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High School Dropout Problems in Bangladesh

The secondary level of education in Bangladesh is particularly plagued by dropout problem. The severity of the dropout issue prompted the Bangladesh Bureau of Educational Information and Statistics (BANBEIS) to carry out an in-depth study in 2002. As reported in the leading national newspaper, The Daily Star, the study revealed, “dropout rates at secondary and higher secondary levels of education remain alarmingly high despite government efforts to reduce the rates. over 80 percent (of) high school students quit schools without having their secondary school certificates (SSC) while 36.52 percent (of) intermediate
college level students dropped out without having their higher secondary certificates (HSC)in 2005.” It is doubtful that the dropout rate fell to any significant degree between 2005 to 2008, because the same study found that “the total dropout rate at the secondary level was 80.02 percent compared to 83.21 percent in 2004 and 83.43 percent in 2003…”. Female students have a higher dropout rate than male students—in 2005, 83.29 percent female students dropped out of high school as opposed to 76.54 percent male students.

The dropout rates relating to high schools cover Classes VI through X, which includes taking the nationwide SSC examination and passing that exam. But when one looks at the number of students taking the SSC examination and compares that number with the number of students who complete studies at Class X and register for the SSC examination, a special problem is noticed. As reported in The Daily Star, “ Over 42 percent of registered candidates for SSC and equivalent certificates dropped out this year (2009) even before the examination begins begin tomorrow, due to a plethora of social and financial obstacles”. Here also, there was a big differential between female students and male students--- 47 percent dropout rate for female students as opposed to 37 percent for male students.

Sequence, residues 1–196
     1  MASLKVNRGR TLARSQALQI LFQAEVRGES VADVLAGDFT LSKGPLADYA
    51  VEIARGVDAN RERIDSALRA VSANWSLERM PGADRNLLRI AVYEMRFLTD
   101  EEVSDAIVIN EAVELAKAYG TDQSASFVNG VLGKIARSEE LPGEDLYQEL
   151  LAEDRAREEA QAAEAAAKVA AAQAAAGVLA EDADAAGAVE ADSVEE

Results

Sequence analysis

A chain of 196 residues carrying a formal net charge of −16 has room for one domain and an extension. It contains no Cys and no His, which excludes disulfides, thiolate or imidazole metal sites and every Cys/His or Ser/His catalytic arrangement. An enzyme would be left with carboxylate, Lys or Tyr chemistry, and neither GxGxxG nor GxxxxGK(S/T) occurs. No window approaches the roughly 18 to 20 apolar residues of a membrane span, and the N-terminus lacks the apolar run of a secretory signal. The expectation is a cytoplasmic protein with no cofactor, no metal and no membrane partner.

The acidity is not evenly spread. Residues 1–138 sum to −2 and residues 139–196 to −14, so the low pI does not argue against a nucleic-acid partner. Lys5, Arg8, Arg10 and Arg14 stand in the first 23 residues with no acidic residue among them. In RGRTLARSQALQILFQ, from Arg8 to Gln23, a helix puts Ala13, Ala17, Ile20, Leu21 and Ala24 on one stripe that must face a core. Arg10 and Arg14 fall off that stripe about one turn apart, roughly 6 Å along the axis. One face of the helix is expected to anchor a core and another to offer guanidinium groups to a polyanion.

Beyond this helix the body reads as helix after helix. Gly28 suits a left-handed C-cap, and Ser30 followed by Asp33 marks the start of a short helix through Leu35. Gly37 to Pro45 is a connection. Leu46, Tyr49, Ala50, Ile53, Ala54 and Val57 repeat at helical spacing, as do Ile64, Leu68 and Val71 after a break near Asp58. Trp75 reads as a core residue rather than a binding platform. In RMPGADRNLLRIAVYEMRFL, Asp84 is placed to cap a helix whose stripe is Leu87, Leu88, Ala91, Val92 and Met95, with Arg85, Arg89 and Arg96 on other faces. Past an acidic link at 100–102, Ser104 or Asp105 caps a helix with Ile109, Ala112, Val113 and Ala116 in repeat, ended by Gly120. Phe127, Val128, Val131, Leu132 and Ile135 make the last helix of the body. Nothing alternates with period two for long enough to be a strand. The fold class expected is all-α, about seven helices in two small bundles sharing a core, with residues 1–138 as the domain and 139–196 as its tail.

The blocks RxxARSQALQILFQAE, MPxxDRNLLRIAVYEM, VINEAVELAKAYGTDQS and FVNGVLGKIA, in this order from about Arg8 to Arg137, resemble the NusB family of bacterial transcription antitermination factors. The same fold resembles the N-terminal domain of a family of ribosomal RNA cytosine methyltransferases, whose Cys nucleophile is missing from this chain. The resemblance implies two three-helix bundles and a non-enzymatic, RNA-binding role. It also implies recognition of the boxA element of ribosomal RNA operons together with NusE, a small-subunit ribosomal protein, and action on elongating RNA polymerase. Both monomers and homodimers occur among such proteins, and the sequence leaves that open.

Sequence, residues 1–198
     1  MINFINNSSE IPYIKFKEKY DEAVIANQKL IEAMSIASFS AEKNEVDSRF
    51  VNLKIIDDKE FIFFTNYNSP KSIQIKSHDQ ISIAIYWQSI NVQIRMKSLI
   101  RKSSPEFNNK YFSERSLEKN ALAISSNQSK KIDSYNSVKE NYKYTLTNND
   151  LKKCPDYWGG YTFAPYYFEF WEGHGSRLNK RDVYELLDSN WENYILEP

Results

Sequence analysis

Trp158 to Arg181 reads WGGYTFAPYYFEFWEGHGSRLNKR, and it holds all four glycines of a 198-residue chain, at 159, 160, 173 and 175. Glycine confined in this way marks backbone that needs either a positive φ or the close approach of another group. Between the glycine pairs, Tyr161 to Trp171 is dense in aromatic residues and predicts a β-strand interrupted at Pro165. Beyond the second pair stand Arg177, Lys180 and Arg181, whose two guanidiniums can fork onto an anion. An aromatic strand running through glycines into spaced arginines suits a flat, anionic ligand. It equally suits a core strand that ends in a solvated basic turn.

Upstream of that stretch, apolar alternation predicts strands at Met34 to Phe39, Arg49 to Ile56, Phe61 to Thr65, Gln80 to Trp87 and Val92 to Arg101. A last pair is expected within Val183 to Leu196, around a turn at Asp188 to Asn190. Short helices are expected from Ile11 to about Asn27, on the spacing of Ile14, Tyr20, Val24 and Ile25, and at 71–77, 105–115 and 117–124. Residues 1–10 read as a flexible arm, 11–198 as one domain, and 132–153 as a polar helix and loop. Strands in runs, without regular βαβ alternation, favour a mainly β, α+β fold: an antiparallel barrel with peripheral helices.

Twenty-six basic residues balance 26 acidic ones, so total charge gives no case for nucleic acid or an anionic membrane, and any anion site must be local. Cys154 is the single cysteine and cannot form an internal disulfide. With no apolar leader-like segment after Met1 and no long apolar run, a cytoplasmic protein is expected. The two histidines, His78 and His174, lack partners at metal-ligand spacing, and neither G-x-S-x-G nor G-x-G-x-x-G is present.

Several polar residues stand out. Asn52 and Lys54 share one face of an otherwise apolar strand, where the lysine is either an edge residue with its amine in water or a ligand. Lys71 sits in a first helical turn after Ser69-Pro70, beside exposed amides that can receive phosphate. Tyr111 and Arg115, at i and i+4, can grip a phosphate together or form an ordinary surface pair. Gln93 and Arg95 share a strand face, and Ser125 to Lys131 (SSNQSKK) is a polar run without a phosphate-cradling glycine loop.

Investigating the causes of such high dropout rates, analysts identify a number of factors. Obviously, poverty is the main reason for high dropout rates in high school, especially in rural areas of Bangladesh. Poor families in rural Bangladesh cannot afford school tuition let alone pay for a private tutor. But for supplementing low quality classroom education and achieving success, private tutoring or coaching has become a necessity in the system that has developed in Bangladesh over the years. Moreover, most poor parents in rural areas are compelled to sacrifice education and choose work over school for their children to supplement the meager family income that is insufficient for the maintenance of the family. Poorer families also tend to need more involvement of their children in household chores.

The impact of poverty on school dropout in secondary education in Bangladesh is further corroborated by certain related statistics. It is a fact that within the overall poverty situation in Bangladesh, a distinction can be made between poor and non-poor households, not unlike in most developing countries. One study, inter alia, compared the net enrolment rate in secondary school of children from non-poor households and poor households. It found that children from non poor households were twice as likely to be enrolled in secondary school as their poor counterparts. The net enrolment rate can be taken as an indirect measure of the dropout rate--- the higher the dropout rate, the lower the net enrolment rate vice versa. In the case of female students, the dropout rate is significantly higher since poor parents customarily arrange for their early marriage. Besides poverty and early marriage, analysts have identified a few additional factors. For example, according to one expert, “the age-old fear of learning and using English, using counterfeit registration, moving to the city or abroad for work or studies, involvement in politics and income cases students’ apathy are also some of the reasons cited for the huge dropouts”. In some cases dropout has been associated with specific behaviors, family characteristics and social environments are also mentioned. In some cases dropout has been associated with specific behavioral problems such as drug abuse. Another recurrent cause of dropping out is persistently low academic achievement. It can be noted that although the reasons for dropout fall under various categories, they are usually interrelated.